What's wrong with Apple Maps (and when they will fix it)
Previously published (with a funky table) at http://uneasyempires.blogspot.com/2012/09/whats-wrong-with-apple-maps-and-how.html
Anatomy of a problem
Since the release of iOS6 last Wednesday it's been a case of Schadenfreude all round. However I've seen little analysis of what exactly is wrong with Apple's mapping apps. What people are missing is it isn't just a case of "Maps is crap", but rather a number of separate issues, some avoidable but others not.
Having covered TomTom and Tele Atlas an an equity analyst on and off since 2005, I think I can offer an informed view on these issues. So what I've done in this post is to simply lay out the problems, identify what's gone wrong and think about what Apple can do next to fix it.
Apple doesn't just have one issue with maps, it has a number of issues. I've broken these down into three rough categories.
1) Data issues
- Poor road/land data data: Apple maps features a number of cases where roads are non-existent (e.g. the example of Tickill in the UK, flagged in this BBC News article). This also affects coastlines and geographical features (e.g. the shape of Grand Cayman here).
- Missing or inaccurate Points of Interest: PoI is map-speak for a specific location, normally denoting a place of business someone might want to visit. There's a bunch of different problems here. Either they are in the wrong location, wrongly categorised or not there are all.
- Typos in place names: Sometimes Apple seems to fall back on outdated data for place names. Other times there are straight (and embarassing) typos.
I think there are a number of different issues here. For some of the problems with roads Apple seems to simply have poor quality data (for a full list of their sources see this page). This is particularly surprising in developed countries like the UK as they are using TomTom mapping data which should have highly accurate road data. My theory is that they have overlaid data from other local sources (e.g. in the UK they cite the Ordnance Survey as another source) which is less accurate.
In less developed countries the opposite is true. Here they appear to have used TomTom data, not realising that they do not have complete coverage and only include major trunk roads. For example Belgrade in Serbia is missing only has major trunk roads. If you zoom to the city in TomTom's data set you see a similar issue.
Missing or inaccurate Points of Interest comes down to one things - either their business directories (sourced fromAcxiom) aren't accurate enough. You can argue about whether this was always going to be the case and they could only crowdsource the data once they were live, or whether they should have gone to more local organisations and get the data. Either way the data either isn't there or hasn't been cleaned up enough.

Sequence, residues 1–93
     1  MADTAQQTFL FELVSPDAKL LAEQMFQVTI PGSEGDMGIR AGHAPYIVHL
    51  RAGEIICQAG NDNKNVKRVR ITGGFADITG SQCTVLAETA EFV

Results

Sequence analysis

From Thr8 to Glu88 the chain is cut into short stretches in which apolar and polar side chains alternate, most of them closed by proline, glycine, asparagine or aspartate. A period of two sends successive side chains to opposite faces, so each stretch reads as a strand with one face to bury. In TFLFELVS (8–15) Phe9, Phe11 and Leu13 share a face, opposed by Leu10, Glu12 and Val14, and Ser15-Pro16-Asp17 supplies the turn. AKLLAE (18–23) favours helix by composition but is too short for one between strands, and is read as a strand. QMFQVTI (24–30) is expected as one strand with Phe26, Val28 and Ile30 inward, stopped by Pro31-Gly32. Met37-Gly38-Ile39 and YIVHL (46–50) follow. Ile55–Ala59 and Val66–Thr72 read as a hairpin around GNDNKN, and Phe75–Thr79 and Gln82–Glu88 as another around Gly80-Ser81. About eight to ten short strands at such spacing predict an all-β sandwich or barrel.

Typos in names are a subset of this. Like with the first category of road data, I suspect they have been overlaying older less accurate sources onto the TomTom data (which is generally pretty good).
2) Texture/imaging issues
- 3D artefacts: Apple's 3D view, involves overlaying satellite imagery over a 3D mesh. Unfortunately for some objects, particularly for man-made structures like bridges, which leads to some weird 3G artefacting (e.g. on the Brooklyn Bridge). Also where the highest level of 3D coverage (including buildings) ends there is an obvious disconnect.
- Missing textures: For the Hybrid and Satellite views Apple relies on data from Digitalglobe. Unfortunately there are a number of issues with this, in particular missing textures at high levels of zoom, lo-res textures, non-matching areas where different photos are stitched together. Also some textures are obscured by clouds entirely.
Apple's highest-res 3D coverage (which leads to the worst artefacting issues) was acquired with C3, a Swedish company which was also behind Nokia's great 3D city maps. The problem is that the mesh they are using doesn't look high enough resolution to capture man-made objects like bridges, or hasn't been tidied up enough. It is interesting to note that the image of the Brooklyn Bridge shown above the Nokia Maps engine (based on an earlierversion of the same tech) renders the bridge correctly - I suspect Nokia's model was tidied up by hand whereas Apple didn't apply that final bit of finish.
The issue with 3D coverage ending is, to be honest, something of a non-issue. C3 coverage is very limited (and I think will always remain so given the requirement to fly over with a plane rather than use generic satellite imagery, and the need to tidy up images by hand). This means there will always be a cutoff.
Missing textures, like missing PoIs, looks again like a straight failure to get adequate imagery. This should be a commodity - I remember viewing top-down imagery on Multimap back in in 2000. There is no excuse for low resolution, missing or clouded textures - either the vendor or Apple screwed up here.
Non-matching areas where photos are stitched together is more forgivable. This is an issue which Google used to have on Google Maps and Google Earth all the time (IIRC they only updated color-graded textures to get round this a year or so ago). Largely a non-issue.
3) Software issues
- Poor routing: Turn by turn driving instructions sometimes take people to the wrong destination (or not quite the right destination - e.g. the runways of San Jose airport).